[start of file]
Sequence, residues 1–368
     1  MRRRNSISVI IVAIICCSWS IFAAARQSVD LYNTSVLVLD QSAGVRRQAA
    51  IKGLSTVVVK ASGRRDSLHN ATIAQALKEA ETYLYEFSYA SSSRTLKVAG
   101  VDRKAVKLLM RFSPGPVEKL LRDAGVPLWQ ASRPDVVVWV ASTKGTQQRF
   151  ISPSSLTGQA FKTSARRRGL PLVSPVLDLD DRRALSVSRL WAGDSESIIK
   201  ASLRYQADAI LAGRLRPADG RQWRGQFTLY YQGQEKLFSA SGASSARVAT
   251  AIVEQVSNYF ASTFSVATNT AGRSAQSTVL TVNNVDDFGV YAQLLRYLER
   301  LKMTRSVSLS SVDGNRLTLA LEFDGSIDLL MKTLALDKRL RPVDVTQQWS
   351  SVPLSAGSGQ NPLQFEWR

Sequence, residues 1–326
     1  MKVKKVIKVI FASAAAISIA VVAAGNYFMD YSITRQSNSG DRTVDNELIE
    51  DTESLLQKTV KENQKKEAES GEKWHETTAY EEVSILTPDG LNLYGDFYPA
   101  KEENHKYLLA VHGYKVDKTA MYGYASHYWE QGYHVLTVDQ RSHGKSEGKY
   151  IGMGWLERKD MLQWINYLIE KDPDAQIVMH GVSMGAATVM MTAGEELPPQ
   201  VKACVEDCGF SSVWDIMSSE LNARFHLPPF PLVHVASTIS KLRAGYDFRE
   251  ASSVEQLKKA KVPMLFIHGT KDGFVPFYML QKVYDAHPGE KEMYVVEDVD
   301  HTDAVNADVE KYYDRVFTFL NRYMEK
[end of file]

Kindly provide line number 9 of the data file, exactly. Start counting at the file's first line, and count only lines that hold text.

   351  SVPLSAGSGQ NPLQFEWR